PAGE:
No matter the team, winning never lasts

by Gary Shelton on June 28, 2022

in general

Lightning owner Jeff Vinik has had great success./TIM WIRT

Tuesday, 4 a.m.

The inherent problem with success is that it never lasts long enough.

One moment, you are dancing in confetti, and the next, the rest of the league is trying to take bites out of your hindquarters. One minute, you are top of the world, and the next, you're at the same starting point as everyone else.

Today, the players of the Tampa Bay Lightning, the former champions, can tell you all about it.

Content beyond this point is for members only.

Already a member? To view the rest of this column, sign in using the handy "Sign In" button located in the upper right corner of the blog (it's at the far right of the navigation bar under Gary's photo)!

Not a member? It's easy to subscribe so you can view the rest of this column and all other premium content on

Oh, they lasted longer than most. They successfully defended their title -- a first for a Tampa Bay team -- and then came within two wins. of doing it again. Nevertheless, they have now become one of the hunters, one of the teams chasing the Colorado Avalanche.

And darn. Did it go in a hurry or what?

One day, you are at a boat parade. The next week, you wear your new T-shirt on casual Friday. The week after that, you make sure you spend some time with that Rangers’ fan at your office. Time only allows for so much celebration.

And then the team is in training camp, starting another thousand-mile journey. The celebration never feels quite complete until the ice is fresh again.

Again, Lightning fans have nothing to complain about. Their team won 11 straight series, third in the history of the NHL. They won two Cups. They reloaded where they had to, and they measured up to a lot of big moments before they fell short in one.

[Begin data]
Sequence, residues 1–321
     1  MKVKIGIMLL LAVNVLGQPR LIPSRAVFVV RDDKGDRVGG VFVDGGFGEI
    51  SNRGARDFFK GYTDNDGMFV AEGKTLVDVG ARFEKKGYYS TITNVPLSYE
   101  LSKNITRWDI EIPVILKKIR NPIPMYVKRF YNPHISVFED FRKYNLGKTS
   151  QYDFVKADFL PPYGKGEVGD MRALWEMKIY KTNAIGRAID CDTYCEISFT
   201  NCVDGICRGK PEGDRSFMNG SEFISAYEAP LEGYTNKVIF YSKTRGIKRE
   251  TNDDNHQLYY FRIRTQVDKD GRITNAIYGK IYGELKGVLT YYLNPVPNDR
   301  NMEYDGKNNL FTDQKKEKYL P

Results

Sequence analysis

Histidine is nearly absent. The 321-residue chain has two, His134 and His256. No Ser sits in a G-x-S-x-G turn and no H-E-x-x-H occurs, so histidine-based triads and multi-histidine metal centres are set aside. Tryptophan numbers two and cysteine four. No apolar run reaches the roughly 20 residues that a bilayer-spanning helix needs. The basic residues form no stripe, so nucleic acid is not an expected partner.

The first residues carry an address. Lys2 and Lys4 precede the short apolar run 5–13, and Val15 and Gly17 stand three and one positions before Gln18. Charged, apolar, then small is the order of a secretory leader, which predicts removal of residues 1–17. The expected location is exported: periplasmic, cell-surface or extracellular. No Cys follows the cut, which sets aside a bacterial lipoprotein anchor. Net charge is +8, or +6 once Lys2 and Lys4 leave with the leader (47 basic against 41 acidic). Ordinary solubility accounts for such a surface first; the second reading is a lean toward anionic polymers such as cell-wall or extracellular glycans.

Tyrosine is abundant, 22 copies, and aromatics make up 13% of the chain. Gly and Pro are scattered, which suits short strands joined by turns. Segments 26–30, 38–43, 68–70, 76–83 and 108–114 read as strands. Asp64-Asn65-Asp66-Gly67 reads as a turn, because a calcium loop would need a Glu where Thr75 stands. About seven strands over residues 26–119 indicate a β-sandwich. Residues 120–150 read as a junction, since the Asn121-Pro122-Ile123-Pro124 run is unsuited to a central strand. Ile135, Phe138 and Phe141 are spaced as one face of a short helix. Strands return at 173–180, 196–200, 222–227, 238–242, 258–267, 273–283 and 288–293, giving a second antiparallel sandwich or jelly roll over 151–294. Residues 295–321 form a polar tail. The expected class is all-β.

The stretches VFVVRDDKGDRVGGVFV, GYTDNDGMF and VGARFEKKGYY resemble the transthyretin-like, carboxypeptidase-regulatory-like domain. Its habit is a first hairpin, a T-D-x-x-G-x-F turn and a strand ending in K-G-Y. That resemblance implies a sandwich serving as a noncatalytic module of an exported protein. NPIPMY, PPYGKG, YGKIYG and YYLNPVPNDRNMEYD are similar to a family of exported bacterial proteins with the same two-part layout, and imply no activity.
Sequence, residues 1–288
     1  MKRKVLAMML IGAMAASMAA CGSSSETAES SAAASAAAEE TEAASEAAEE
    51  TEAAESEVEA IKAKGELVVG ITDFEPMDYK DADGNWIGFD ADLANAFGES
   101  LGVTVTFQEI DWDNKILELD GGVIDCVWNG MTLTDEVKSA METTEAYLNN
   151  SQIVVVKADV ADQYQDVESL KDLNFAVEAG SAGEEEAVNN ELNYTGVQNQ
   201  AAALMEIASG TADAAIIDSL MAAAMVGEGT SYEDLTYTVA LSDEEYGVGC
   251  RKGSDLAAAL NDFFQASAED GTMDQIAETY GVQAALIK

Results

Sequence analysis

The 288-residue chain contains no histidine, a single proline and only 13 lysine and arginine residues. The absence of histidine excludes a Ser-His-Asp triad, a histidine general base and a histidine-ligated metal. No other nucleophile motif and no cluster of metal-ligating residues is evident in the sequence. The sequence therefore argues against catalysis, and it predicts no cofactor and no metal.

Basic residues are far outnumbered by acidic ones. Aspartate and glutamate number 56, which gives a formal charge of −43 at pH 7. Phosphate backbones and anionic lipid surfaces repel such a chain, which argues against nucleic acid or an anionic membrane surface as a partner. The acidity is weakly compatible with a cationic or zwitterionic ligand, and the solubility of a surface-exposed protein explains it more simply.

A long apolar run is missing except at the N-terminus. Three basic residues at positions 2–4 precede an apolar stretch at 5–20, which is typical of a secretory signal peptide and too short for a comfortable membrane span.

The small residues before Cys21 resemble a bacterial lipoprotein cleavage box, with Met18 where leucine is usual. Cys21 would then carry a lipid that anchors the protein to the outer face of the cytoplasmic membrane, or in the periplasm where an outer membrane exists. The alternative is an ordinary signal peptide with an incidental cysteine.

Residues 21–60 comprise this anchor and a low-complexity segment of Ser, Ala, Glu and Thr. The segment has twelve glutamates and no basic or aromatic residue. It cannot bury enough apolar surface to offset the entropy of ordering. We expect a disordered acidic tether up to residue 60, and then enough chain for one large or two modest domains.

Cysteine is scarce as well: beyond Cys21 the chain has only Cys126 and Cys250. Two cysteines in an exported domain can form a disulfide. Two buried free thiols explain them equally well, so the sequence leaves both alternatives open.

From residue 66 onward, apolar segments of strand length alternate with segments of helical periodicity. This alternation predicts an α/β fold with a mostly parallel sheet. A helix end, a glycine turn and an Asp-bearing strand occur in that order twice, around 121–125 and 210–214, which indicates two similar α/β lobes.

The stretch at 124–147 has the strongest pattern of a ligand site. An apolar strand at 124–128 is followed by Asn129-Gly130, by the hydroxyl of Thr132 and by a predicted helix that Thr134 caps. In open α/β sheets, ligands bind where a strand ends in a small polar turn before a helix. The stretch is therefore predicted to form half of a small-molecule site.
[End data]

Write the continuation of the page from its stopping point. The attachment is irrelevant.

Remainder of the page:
Remember the 2003 Tampa Bay Bucs? The year after they won a trophy, they fell on their noses. The Bucs slid to 7-9 that year Over the next two years, they were just 12-20. By 2004, Warren Sapp was gone. John Lynch was gone. Brad Johnson was on his way out. Rich McKay was gone. Keyshawn Johnson was gone.The head coach, Jon Gruden, never won another playoff game.

In other words, those Super Bowl bumper stickers didn't have a lot of shelf life, did they?

Then there was the original champions of the Lightning in 2004. That looked to be a young, dynamic team. But the league took an entire season off the year after, and the contracts were accelerated, and Nicholas Khabibulen left.

Even after the sport resumed, the Lightning was something less. They were bounced from their next two playoff seasons. Then the bad times started.

The Rays, although they've never won a World Series, have had similar problems repeating. They've reached the World Series twice. But after the first, in 2008, they finished third. After the last one, in 2020, they won 100 games in their sequel season. But they lost in the Division Round of the playoffs.

The most recent Bucs' titlists also fell short of repeating. They won their division the next year, and they won more games, but they lost to the Rams in the Division round on a questionable coaching call on defense.

So understand this. When the Lightning players say they aren't done yet, well, that's to be seen. Winning once is difficult, winning twice is improbable.

So appreciate what the Lightning has been for three years. Remember their journey, and they're fight. They fell two steps short of the promised land, but it was close enough to smell the champagne.

Next year, they try again.

Because as fleeting as success may be, there is nothing quite as satisfying.

Previous post:

Next post: